The murder of transwomen doesn’t occur in a vacuum. Transwomen are just among the most vulnerable of women in a growing climate of violence perpetrated by men who have come to realize they are not the masters of the universe the way they fantasize they are.
The killings of Vanessa Guillén, Oluwatoyin Salau, Nina Pop, and many more are part of a global problem.
August 28, 2020
The killing of 20-year-old Vanessa Guillén, a Mexican-American Army specialist who disappeared from Fort Hood, Texas on April 22, whose remains were found more than two months later on June 30, has spurred conversations about violence against women in the military. Hundreds of women, in what has been called the “military’s #MeToo moment,” have shared stories about sexual harassment and assault, illustrating a culture of violence within the ranks of the U.S. military.
Before her disappearance, Guillén told her family that she had been sexually harassed. News of her experience with sexual harassment spurred other women service members to share their own stories under the hashtag #IAmVanessaGuillen. After her remains were found, a criminal complaint released by the Department of Justice alleges that fellow soldier Aaron Robinson murdered Guillén at Fort Hood, dismembering and burying her body with the help of his girlfriend, Cecily Aguilar. On July 1, Robinson died by suicide. Aguilar has been charged with tampering with documents or proceedings and has pleaded not guilty.
As Vanessa Guillen’s murder, horrific in its own right, has helped uncover a pattern of violence within the military, it also reveals a larger global epidemic of violence against cis and transgender women. Femicide, generally understood to mean the murder of women for being women, a term often applied abroad, is a global issue that significantly impacts Black, Indigenous, poor, and migrant women. It’s oftentimes thought of as violence relegated to peripheries, border cities like Ciudad Juárez, Mexico, or endemic to regions like Latin America or Africa. The truth is that femicide is an ever-present and growing crisis in the United States.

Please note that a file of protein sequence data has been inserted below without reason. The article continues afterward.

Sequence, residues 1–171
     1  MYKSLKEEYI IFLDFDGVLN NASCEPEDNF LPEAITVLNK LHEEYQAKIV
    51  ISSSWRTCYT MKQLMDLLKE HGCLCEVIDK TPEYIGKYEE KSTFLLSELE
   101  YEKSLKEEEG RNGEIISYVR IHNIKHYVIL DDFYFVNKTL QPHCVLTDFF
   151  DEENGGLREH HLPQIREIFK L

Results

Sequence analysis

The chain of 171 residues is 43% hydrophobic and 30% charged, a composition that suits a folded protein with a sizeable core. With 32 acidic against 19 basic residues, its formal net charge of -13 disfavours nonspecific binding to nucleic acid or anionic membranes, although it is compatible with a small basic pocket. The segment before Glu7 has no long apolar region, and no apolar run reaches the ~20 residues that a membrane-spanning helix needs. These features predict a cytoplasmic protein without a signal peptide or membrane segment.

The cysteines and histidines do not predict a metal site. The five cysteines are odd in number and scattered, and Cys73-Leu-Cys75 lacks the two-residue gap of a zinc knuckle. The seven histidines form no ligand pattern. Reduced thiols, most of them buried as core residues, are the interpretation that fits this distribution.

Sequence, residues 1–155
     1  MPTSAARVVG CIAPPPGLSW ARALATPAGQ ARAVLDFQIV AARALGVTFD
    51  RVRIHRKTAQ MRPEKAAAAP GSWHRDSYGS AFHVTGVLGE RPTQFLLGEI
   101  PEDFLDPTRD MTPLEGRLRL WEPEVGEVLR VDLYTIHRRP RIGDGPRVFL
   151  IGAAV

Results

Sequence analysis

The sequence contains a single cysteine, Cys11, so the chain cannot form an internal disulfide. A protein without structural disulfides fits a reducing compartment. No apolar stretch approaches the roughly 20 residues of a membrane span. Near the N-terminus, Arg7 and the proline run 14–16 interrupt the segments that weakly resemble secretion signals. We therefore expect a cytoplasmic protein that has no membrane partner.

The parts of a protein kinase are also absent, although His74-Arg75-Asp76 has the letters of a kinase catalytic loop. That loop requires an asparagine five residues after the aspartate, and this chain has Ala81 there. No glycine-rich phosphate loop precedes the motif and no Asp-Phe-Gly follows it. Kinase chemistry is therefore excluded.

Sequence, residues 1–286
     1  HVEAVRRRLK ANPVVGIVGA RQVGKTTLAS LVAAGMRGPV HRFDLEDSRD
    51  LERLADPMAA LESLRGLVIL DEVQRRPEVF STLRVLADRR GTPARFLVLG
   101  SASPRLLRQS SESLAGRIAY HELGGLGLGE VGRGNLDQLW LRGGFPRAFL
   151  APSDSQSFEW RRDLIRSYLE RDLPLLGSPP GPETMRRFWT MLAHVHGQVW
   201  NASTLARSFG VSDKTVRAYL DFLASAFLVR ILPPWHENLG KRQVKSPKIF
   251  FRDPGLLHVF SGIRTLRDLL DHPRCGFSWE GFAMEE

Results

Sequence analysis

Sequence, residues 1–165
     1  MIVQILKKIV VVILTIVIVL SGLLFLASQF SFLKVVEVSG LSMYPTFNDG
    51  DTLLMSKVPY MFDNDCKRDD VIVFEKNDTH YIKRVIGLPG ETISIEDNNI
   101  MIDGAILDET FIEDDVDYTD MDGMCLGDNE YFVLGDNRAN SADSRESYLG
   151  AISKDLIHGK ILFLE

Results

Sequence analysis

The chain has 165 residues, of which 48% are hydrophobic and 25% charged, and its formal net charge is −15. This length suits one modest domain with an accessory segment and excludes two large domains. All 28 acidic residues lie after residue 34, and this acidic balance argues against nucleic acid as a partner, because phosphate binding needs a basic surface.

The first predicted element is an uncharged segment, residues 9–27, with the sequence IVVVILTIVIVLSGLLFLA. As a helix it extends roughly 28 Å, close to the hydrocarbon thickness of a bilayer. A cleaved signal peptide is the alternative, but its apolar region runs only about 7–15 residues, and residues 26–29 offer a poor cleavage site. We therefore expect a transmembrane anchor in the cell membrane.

There are various types of femicide, and it can be hard to collect data on these killings because some countries don’t collect information that could categorize them as so, according to the World Health Organization. Compounding that difficulty is that various places define the word differently — for some, femicide means the killing of women because they are a woman, while for others it’s any murder of a woman. Some countries, like Mexico, have passed laws against femicide, giving a legal meaning to the term: the murder of a woman can be classified as a femicide if her killing was motivated by gender. The U.S. hasn’t adopted a standardized definition for the term but the federal government tracks domestic violence killings. The Violence Against Women Act passed in 1994 recognizes domestic violence as a national crime.
While there’s no consensus on what qualifies as femicide, this kind of violence has been on the rise globally. In Latin America, El Salvador and Honduras are consistently among the countries with the highest femicide rates globally, while Mexico saw a 145% jump in femicide cases between 2015 and 2019. Last year, South Africa declared femicide a national crisis when nearly 3,000 women were murdered between 2018 and 2019.
These numbers are shocking, but often ignored are the rising rates of femicide in the United States.